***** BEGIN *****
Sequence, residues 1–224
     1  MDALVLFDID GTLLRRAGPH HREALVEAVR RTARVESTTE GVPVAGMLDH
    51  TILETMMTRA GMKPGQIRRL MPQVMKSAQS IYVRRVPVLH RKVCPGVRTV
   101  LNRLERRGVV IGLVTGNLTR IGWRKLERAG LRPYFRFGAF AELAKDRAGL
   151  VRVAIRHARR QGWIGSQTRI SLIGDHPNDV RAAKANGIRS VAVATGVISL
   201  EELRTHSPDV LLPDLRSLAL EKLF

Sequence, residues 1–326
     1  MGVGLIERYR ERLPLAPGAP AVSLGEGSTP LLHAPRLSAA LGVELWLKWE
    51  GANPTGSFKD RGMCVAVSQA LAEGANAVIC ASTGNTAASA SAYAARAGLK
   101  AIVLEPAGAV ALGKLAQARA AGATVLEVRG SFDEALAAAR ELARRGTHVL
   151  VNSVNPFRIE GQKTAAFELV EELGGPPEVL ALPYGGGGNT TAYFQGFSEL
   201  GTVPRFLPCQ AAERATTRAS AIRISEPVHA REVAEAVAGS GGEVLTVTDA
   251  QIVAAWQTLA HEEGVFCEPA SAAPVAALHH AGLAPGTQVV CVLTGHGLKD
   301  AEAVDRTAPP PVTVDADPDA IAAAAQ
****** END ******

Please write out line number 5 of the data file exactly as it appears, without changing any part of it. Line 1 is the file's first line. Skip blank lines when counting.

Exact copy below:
   151  VRVAIRHARR QGWIGSQTRI SLIGDHPNDV RAAKANGIRS VAVATGVISL